Noam Chomsky is a renowned linguist who is perhaps better known for his radical critique of America’s economic and foreign policies. According to the Chicago Tribune, he’s "the most often cited living author. Among intellectual luminaries of all eras, Chomsky placed eighth, just behind Plato and Sigmund Freud." I interviewed him on January 26, for the Industrial Worker, the IWW’s newspaper. It’s printed here with their permission.
HOCHSCHARTNER: You wrote that Obama "broke ground" in supporting the Honduras coup. Explain what you meant.
CHOMSKY: I don’t remember putting it that way. In earlier years, the U.S. supported coups outright or carried them out for that matter. In fact, in 2004, they carried out the coup in Haiti and in 2002 openly supported the coup in Venezuela. Obama did it indirectly. He joined the Organization of American States in criticizing the coup. He wouldn’t call it a military coup. He kind of dragged his feet.
Almost every country, even in Europe, withdrew their ambassadors. The U.S. didn’t. The U.S., of course, has enormous influence in Honduras. The military’s trained by the United States. They have very close connections, but they didn’t do much at first. They didn’t try to use their influence. Then, as it proceeded, the Obama administration ended up essentially supporting the coup regime. The U.S. was almost the only country that recognized the elections under military rule. It was the usual support for right-wing military coups, but in a softer way than usual. That’s partly a reflection of the change in power relations.
What do you mean by that?
Latin America’s become a lot more independent. Take Brazil. Forty-five years ago the Kennedy administration didn’t like the government in Brazil. It was a kind of mildly social democratic government not very different from [current] President Lula’s. So they organized a military coup and established a neo-Nazi style national security state. That was the norm, one country after another through the 1980s. It was a monstrosity. Latin America, finally, after 500 years, is moving towards integration for the first time and paying a little attention—in some cases, like Bolivia, a lot of attention—to the needs of the poor majority, which is new. That’s made the continent a little more independent of the U.S. The U.S. was kicked out of its last military base in Ecuador in September 2009. It now has seven new ones in Colombia, which is the last holdout.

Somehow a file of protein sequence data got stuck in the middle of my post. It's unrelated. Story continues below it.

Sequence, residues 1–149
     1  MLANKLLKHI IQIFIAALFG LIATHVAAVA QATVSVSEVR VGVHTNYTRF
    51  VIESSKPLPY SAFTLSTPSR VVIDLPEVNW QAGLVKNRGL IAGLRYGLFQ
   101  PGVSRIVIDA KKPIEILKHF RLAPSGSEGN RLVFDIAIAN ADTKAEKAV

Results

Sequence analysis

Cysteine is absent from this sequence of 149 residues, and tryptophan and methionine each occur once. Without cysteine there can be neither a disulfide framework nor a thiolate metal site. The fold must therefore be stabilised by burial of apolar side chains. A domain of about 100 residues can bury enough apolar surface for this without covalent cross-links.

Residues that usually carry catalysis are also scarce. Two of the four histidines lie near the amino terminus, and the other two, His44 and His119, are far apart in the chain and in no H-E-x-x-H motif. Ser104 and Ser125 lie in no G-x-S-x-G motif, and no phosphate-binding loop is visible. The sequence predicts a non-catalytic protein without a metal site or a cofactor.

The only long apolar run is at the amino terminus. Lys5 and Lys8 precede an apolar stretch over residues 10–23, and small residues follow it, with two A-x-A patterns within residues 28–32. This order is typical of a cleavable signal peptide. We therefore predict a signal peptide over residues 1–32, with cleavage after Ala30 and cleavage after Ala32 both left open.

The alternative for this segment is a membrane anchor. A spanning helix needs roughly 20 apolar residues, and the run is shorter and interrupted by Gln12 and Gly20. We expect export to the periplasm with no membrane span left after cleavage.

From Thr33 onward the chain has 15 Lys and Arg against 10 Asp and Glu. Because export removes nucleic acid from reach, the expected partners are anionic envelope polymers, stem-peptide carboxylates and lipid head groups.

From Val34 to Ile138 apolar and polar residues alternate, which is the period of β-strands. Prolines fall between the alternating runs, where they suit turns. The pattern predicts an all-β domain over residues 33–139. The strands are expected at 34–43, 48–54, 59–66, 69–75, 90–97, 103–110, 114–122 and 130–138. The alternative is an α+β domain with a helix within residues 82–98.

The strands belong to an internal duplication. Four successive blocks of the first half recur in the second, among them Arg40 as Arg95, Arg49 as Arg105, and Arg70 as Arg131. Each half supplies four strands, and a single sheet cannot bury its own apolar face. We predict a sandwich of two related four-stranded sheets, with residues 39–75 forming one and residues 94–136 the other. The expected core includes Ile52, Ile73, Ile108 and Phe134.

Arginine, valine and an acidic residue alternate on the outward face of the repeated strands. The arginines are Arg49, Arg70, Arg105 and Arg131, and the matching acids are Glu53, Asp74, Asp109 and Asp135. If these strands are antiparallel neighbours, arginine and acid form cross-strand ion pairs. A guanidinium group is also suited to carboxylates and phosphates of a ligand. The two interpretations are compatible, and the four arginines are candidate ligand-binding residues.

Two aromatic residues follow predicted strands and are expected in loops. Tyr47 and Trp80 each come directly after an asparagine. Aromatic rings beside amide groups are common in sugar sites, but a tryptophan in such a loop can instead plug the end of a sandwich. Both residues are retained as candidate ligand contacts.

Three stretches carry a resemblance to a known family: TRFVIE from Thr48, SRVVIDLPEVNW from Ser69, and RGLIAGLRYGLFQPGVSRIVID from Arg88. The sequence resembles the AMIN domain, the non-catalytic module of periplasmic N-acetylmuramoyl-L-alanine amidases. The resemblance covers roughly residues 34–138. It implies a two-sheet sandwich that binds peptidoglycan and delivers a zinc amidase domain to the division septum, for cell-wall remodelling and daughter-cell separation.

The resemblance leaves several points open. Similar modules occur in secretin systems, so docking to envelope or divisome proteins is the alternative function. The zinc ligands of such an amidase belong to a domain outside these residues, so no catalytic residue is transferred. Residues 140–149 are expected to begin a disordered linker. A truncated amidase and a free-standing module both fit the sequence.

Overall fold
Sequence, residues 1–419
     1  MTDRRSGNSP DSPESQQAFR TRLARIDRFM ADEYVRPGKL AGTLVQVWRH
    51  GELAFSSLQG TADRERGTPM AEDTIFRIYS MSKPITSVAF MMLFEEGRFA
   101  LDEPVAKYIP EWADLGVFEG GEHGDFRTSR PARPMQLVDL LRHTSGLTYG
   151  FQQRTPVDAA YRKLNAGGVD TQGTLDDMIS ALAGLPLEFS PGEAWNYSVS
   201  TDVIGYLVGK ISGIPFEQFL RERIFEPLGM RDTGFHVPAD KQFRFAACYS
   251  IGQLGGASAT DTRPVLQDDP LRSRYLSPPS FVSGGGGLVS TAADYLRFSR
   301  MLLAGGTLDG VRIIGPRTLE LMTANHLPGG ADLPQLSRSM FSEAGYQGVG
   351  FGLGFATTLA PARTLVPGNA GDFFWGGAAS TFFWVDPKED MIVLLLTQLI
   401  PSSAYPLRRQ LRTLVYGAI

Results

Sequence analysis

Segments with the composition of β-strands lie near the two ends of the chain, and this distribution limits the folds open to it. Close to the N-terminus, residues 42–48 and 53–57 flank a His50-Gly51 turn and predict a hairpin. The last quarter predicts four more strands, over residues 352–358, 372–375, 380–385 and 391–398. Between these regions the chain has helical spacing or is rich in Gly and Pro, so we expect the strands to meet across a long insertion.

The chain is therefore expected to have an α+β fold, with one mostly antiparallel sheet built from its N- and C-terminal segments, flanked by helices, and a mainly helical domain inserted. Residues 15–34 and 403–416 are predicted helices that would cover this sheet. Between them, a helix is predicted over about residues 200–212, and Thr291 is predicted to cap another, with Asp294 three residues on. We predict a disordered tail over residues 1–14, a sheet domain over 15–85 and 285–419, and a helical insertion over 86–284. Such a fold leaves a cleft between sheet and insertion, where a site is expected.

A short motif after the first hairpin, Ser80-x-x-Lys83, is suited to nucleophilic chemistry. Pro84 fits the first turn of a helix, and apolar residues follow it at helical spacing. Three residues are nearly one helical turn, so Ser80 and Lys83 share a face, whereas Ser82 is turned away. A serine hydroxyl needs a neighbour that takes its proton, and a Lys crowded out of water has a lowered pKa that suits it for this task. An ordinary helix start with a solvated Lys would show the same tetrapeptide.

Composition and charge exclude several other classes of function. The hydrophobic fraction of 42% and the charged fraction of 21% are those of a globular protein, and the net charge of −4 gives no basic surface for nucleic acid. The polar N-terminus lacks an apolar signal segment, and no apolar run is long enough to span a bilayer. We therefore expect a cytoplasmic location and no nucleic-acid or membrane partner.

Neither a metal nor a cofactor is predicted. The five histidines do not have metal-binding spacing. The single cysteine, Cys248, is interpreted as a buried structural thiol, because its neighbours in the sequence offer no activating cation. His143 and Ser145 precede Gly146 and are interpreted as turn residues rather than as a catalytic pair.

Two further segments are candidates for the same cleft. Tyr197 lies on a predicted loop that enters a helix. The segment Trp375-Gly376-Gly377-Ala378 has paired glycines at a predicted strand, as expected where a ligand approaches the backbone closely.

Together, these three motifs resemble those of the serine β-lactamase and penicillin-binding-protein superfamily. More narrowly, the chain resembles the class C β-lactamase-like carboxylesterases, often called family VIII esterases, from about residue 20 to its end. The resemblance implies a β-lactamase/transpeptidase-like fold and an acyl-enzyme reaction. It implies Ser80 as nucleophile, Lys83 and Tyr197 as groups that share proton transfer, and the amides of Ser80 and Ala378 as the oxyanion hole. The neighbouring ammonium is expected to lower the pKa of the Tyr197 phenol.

In Citizens United v. the Federal Election Commission, the Supreme Court gave corporations free rein to spend as much money they wanted on elections. What effect will have?
It’s a significant step beyond what was already intolerable. Elections are pretty much bought. You can predict the victor in an election by who’s outspending whom. And the funding, of course, mostly traces back to corporations in one way or another. But until now they had to do it in kind of indirect, devious ways. The Supreme Court has now said, "Look, you can buy them off directly if you like. You can run ads in favor of a particular candidate with corporate money." That’s even more extreme than campaign funding.
The mainstream media’s tried to balance what’s going to be a huge influx of corporate spending by saying, "Well, the unions are going to be able to do it too." But the idea that the unions are going to raise anything comparable…
Not only that, but, even with all of their flaws, unions, basically, are democratic. Its workers who get together and are supposed to be able to make decisions. That’s not what a corporation is. A century ago, corporations were identified by the courts with management. Management is the corporations. For this campaign spending, management doesn’t even have to consult with shareholders. They’re pure tyrannies. Labor unions are supposed to, at least, work for the benefit of their members. Corporations are required by law to work only for profit and for material gain. They’re not allowed to do anything else. How can you compare them? It’s just a joke.
After the Republican victory in Massachusetts, Democrats have said they don’t think they have the votes for health care. What’s your take on the situation?